Aolib.comFragment of Photochrom print of the front of Neuschwanstein Castle, Bavaria, Germany (ca. 1897)

War and Peace »


By graf Leo Tolstoy

“Won’t you come over to the other table?” suggested Anna Pavlovna.

But Pierre continued his speech without heeding her.

“No,” cried he, becoming more and more eager, “Napoleon is great because he rose superior to the Revolution, suppressed its abuses, preserved all that was good in it–equality of citizenship and freedom of speech and of the press–and only for that reason did he obtain power.”

“Yes, if having obtained power, without availing himself of it to commit murder he had restored it to the rightful king, I should have called him a great man,” remarked the vicomte.

“He could not do that. The people only gave him power that he might rid them of the Bourbons and because they saw that he was a great man. The Revolution was a grand thing!” continued Monsieur Pierre, betraying by this desperate and provocative proposition his extreme youth and his wish to express all that was in his mind.

“What? Revolution and regicide a grand thing?... Well, after that... But won’t you come to this other table?” repeated Anna Pavlovna.

“Rousseau’s Contrat social,” said the vicomte with a tolerant smile.

“I am not speaking of regicide, I am speaking about ideas.”

“Yes: ideas of robbery, murder, and regicide,” again interjected an ironical voice.

“Those were extremes, no doubt, but they are not what is most important. What is important are the rights of man, emancipation from prejudices, and equality of citizenship, and all these ideas Napoleon has retained in full force.”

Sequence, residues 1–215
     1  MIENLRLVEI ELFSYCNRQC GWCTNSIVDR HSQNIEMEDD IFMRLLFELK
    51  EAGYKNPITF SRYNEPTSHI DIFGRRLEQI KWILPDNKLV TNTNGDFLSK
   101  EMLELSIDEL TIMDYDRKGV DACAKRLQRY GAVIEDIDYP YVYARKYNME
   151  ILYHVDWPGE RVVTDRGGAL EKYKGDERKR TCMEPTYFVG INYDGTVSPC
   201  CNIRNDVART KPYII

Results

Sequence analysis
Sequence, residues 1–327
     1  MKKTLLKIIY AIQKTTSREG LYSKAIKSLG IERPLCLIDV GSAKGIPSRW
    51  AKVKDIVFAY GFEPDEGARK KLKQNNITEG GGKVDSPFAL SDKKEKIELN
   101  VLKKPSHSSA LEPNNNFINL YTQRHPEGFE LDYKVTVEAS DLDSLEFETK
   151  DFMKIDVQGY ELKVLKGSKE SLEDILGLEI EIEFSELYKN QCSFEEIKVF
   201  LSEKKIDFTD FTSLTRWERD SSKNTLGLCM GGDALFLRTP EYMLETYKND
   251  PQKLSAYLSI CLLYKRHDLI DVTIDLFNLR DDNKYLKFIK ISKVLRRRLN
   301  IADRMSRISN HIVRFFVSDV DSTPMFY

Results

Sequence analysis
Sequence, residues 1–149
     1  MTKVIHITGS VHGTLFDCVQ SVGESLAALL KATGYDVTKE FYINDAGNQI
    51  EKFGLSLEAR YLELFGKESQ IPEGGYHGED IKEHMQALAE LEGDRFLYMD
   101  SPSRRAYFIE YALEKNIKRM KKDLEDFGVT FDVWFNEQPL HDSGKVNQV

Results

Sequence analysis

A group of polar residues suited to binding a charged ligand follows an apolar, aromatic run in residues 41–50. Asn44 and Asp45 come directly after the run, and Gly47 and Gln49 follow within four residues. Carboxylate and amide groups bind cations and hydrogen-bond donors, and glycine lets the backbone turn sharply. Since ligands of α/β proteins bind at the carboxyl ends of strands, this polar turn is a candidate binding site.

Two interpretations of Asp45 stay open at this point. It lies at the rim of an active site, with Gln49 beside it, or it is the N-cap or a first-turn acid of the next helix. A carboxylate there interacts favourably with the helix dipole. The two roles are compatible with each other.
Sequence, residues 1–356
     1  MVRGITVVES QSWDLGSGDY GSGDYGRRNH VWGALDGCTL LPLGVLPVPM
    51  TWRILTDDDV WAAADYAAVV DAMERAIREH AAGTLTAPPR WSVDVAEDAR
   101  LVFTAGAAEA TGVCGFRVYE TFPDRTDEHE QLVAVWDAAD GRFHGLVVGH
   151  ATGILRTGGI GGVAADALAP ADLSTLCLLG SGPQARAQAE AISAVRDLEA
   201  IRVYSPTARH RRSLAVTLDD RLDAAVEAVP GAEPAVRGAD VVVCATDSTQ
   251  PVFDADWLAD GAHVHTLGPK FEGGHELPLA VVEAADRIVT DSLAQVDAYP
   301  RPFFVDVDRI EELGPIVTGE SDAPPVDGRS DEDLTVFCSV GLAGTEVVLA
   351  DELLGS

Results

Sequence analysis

“Liberty and equality,” said the vicomte contemptuously, as if at last deciding seriously to prove to this youth how foolish his words were, “high—sounding words which have long been discredited. Who does not love liberty and equality? Even our Saviour preached liberty and equality. Have people since the Revolution become happier? On the contrary. We wanted liberty, but Buonaparte has destroyed it.”

Prince Andrew kept looking with an amused smile from Pierre to the vicomte and from the vicomte to their hostess. In the first moment of Pierre’s outburst Anna Pavlovna, despite her social experience, was horror—struck. But when she saw that Pierre’s sacrilegious words had not exasperated the vicomte, and had convinced herself that it was impossible to stop him, she rallied her forces and joined the vicomte in a vigorous attack on the orator.

“But, my dear Monsieur Pierre,” said she, “how do you explain the fact of a great man executing a duc–or even an ordinary man who–is innocent and untried?”

“I should like,” said the vicomte, “to ask how monsieur explains the 18th Brumaire; was not that an imposture? It was a swindle, and not at all like the conduct of a great man!”

“And the prisoners he killed in Africa? That was horrible!” said the little princess, shrugging her shoulders.

“He’s a low fellow, say what you will,” remarked Prince Hippolyte.

Pierre, not knowing whom to answer, looked at them all and smiled. His smile was unlike the half—smile of other people. When he smiled, his grave, even rather gloomy, look was instantaneously replaced by another–a childlike, kindly, even rather silly look, which seemed to ask forgiveness.

The vicomte who was meeting him for the first time saw clearly that this young Jacobin was not so terrible as his words suggested. All were silent.

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